Earlier this week, US Airways announced that it will stop offering “free” snacks to passengers beginning June 1.
On paper, I’m sure that will save US Airways millions of dollars. But the marketing cost—to the airline and the industry—might end up being much higher.
According to a study released today by the Travel Industry Association, more than 25 percent of US air travelers skipped at least one air trip in the past year because of the growing hassles. That’s more than $9 billion in potential revenues.
Clearly, the airlines face steep challenges because of the high price of fuel. But they’ve stirred up a tremendous amount of ill will by the way they are managing the problem and communicating to the public.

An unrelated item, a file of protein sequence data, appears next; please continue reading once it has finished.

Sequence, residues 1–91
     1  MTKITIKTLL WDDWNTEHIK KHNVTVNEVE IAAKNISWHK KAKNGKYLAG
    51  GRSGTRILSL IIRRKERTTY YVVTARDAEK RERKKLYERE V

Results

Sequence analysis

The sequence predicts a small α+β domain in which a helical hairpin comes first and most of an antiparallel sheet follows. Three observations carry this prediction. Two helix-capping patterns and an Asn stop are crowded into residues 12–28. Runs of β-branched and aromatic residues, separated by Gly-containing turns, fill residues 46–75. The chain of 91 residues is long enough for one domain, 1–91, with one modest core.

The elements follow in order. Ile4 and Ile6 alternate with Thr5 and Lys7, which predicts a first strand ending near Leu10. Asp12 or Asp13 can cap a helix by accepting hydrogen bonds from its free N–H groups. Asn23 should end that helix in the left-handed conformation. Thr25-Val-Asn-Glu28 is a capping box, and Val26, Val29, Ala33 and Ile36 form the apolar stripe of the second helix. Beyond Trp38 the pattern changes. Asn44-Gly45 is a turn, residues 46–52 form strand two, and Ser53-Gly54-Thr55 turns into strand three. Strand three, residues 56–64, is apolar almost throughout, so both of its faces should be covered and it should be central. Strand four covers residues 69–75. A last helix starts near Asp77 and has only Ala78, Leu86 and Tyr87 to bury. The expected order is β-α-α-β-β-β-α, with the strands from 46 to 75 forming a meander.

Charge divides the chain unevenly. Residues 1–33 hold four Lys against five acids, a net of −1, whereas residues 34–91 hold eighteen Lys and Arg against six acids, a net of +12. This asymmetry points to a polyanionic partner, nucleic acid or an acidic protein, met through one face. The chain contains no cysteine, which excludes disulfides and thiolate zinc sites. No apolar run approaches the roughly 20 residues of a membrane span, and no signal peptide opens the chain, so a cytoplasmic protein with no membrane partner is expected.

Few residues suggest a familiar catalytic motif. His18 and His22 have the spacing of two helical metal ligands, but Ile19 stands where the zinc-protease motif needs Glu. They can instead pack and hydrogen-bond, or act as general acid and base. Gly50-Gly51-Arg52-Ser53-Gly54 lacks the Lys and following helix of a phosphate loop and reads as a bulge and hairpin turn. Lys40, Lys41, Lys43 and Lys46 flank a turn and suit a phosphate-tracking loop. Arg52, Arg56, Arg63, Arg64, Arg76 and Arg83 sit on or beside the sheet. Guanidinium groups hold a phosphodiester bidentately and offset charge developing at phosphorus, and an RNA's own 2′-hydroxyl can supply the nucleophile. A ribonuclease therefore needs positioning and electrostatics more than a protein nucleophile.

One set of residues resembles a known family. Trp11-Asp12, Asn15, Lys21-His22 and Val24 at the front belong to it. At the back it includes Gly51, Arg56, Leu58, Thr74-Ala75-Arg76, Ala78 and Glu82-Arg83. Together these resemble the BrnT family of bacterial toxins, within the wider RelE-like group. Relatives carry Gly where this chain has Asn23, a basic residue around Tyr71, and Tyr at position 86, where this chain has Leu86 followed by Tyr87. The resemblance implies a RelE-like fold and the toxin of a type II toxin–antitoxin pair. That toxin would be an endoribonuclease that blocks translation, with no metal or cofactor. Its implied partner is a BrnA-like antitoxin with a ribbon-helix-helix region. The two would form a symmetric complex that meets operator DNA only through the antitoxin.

In reality, US Airways’ “no snacks for you” policy won’t materially change the flying experience. But it will give travelers one more thing to gripe about in check-in lines this summer—and that will prove to be far more costly than a piffling bag of pretzels could ever be.
Photo by ryanchirnomas on Flickr.com, (cc) some rights reserved.